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Top Ten Best Practices for Enewsletters or Custom Emails

Custom emails or email newsletter sponsorships can be a cost efficient marketing tool that separate you from your competition. Email can be utilized to disseminate valuable content to your niche market or to drive traffic to educational content already on your site. In other words, it can be used to generate perceived value of your brand in your market segment and position your company as a thought leader in your industry.

Email is also a powerful tool for generating engagement with content or creating awareness around a specific topic. Email can be shared, and a shared piece of content or word of mouth is one of the most basic and traditional ways to get people interested in your message.

It can also move the needle on your marketing efforts during specific time periods. For instance, emails surrounding an event or a conference will lead to more engagement. In 2016 alone, EHS has delivered hundreds of emails and compiled significant amounts of data on many variables surrounding email engagement. Sending an email during a conference or other event can increase open and click-through rates by over 10%.

Top 10 Best Practices and Suggestions for Email Creation

There are certain considerations you want to keep in mind to ensure your email’s success. First and a given, work with only trusted publishers and e-newsletter vendors. Here is a list of important factors that can predict the success of your message:

  1. Design for simplicity:
    • Design as if you were designing a site for an old browser.
    • Avoid using WYSIWIG programs. Code from scratch using the most simplistic elements of HTML.
    • Avoid floats or positioning.
    • Avoid Flash or JavaScript. If your message absolutely needs motion, use .gifs.
    • Use tables, not div tags.
  2. Go light on images:
    • Do not use background images, they will not load.
    • Assume images will be blocked by email clients, so make sure you are explaining everything in text.
    • Therefore, don’t design an email that’s just one large, sliced-up image.
  3. Use responsive design, the widths should flow with the size of the browser.
    • Consider that most people will be opening your email on their mobile device.
    • Be sure the email is readable at arms length on a small screen.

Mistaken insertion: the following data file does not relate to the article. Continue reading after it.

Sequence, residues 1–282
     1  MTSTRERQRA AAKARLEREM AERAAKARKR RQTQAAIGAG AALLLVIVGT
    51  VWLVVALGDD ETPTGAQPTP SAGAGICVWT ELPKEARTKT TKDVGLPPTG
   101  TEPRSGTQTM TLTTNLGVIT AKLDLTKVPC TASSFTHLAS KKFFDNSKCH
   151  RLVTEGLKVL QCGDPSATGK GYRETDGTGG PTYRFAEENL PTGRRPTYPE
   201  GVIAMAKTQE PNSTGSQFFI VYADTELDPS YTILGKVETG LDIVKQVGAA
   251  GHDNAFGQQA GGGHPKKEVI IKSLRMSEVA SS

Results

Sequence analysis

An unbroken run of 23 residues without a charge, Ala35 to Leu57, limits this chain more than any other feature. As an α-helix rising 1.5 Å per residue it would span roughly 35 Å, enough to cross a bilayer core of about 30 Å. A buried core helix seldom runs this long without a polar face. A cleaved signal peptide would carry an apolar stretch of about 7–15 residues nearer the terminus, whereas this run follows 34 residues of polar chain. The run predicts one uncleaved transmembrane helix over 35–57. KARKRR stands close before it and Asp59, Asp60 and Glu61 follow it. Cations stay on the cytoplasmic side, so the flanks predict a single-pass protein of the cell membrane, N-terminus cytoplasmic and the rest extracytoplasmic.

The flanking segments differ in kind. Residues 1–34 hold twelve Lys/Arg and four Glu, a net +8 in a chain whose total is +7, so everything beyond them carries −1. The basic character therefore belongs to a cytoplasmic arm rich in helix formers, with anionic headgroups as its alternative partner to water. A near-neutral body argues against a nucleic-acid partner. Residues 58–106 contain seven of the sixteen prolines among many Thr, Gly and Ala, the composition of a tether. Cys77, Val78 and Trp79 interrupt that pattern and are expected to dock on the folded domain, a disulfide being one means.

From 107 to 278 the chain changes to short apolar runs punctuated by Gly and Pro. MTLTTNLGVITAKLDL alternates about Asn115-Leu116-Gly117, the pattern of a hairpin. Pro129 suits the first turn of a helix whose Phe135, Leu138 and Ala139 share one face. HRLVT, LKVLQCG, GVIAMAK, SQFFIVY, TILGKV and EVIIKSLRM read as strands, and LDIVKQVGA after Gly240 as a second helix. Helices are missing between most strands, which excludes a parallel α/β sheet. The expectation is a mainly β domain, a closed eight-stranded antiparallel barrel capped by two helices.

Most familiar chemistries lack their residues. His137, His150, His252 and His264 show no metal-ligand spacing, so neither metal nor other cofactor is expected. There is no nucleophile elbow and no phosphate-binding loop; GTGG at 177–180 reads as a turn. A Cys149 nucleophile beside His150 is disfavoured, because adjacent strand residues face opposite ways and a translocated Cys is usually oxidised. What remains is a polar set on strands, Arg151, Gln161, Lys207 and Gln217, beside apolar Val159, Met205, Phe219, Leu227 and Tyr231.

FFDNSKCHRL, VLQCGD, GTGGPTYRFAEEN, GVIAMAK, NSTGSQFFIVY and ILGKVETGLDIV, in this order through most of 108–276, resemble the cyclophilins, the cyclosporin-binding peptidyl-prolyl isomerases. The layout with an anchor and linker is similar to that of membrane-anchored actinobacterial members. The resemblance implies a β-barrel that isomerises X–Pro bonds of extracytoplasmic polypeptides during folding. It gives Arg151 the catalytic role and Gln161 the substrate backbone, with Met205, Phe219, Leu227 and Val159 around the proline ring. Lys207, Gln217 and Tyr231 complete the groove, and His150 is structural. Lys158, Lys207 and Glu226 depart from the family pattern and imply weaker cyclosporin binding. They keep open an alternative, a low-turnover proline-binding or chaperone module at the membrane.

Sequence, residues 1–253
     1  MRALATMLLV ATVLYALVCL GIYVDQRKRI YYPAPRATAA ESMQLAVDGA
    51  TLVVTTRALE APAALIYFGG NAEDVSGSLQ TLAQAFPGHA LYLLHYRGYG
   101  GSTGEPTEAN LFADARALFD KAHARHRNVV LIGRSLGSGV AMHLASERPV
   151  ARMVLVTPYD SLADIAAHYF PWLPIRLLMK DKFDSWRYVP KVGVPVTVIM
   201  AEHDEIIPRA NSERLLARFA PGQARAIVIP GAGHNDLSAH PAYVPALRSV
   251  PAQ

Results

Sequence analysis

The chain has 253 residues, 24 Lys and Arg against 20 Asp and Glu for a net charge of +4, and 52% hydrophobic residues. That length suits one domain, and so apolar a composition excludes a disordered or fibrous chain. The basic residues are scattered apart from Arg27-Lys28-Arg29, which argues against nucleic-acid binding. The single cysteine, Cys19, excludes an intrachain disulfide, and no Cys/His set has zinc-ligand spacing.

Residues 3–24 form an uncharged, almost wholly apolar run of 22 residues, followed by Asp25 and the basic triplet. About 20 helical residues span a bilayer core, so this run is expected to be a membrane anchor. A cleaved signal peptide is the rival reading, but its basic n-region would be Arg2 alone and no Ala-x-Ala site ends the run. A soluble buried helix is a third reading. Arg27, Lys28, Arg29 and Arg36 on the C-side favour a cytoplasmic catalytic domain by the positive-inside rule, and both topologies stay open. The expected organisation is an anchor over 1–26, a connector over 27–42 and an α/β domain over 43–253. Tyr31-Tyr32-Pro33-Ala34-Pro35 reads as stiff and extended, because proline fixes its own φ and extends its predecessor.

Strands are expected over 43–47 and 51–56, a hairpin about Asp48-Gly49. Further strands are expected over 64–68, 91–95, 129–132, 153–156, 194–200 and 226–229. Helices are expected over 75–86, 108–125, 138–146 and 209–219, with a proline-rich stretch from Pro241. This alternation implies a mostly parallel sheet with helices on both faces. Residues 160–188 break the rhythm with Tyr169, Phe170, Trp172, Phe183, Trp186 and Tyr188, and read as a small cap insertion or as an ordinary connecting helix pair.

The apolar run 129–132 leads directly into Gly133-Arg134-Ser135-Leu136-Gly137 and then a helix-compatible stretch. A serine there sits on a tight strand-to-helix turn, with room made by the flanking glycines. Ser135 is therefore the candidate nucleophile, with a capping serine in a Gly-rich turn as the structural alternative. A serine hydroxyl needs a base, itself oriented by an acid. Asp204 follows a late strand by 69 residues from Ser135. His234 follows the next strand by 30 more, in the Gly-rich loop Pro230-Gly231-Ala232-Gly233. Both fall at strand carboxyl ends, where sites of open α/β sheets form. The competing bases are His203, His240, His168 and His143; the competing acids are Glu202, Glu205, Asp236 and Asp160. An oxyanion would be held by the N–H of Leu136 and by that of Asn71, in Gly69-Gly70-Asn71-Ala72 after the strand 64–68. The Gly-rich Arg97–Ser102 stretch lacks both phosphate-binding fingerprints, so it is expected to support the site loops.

• Consider some people will be viewing emails in a preview pane.
    • If you have to limit with a width, keep it within 500-750 pixels
  4. Test the look and feel on several devices (desktop, tablet, & mobile) and email clients (Outlook, Gmail, Yahoo) or use a program that does this.
  5. Use basic, cross-platform fonts such as Arial, Verdana, Georgia, and Times New Roman.
  6. Subject lines work best when they speak to a relevant, current topic:
    • Personalization increases open rates. “Dr. Cooper – New study Indicates longer survival with combo therapy in relapsed MM”
    • Try for 50 characters or less, but don’t be limited by it, use the most important words first if you go longer than 50 characters.
    • Capital letters increase open, for example: “Top 10 Best Practices for Email”
  7. The message inside the email should fulfill the promises made in the subject line and avoid salesy phrasing, tactics, and words.
  8. Always include a Call to Action (CTA):
    • You need to tell your readers what you expect them to do next.
    • Use a question that they need to click to get the answer.
    • Provide next steps to get a solution to their problem.
    • Provide a link and tell them to “Click here to read this new information on targeted immunotherapy,” or “Read more about Google’s new rule on blocking interstitials.”
    • If you provide a standard format in an enewsletter, the rules can change a bit on the CTA. For instance, if you regularly send out an email newsletter with links to articles, people will already be in the habit of clicking on the titles of the articles, if you want to use those as links.
  9. Choose your lists carefully:
    • Target your audience.
    • Consider the life cycle of the list & split it for different messages: brand loyal, active, inactive, new to the brand
    • Or another way to look at lists – previous customers, current customers, or potential customers
  10. Continually test your emails for different variables within the email. Some things to consider testing:
    • Subject lines.
    • Call to action (CTA) message, CTA buttons & colors of buttons.
    • Focus of message.
    • Time of day and day of week.
    • When sending out an enewsletter, consistency goes a long way, so at some point, you want to limit your testing – for instance, a newsletter should go out at the same day and time every time to get your readers into the habit of opening your email and knowing what to expect when they get it.
More Resources

40 Tips for Dramatically Better Emails
Email Marketing Field Guide
The Ultimate Guide to Email Design Best Practices for Marketers

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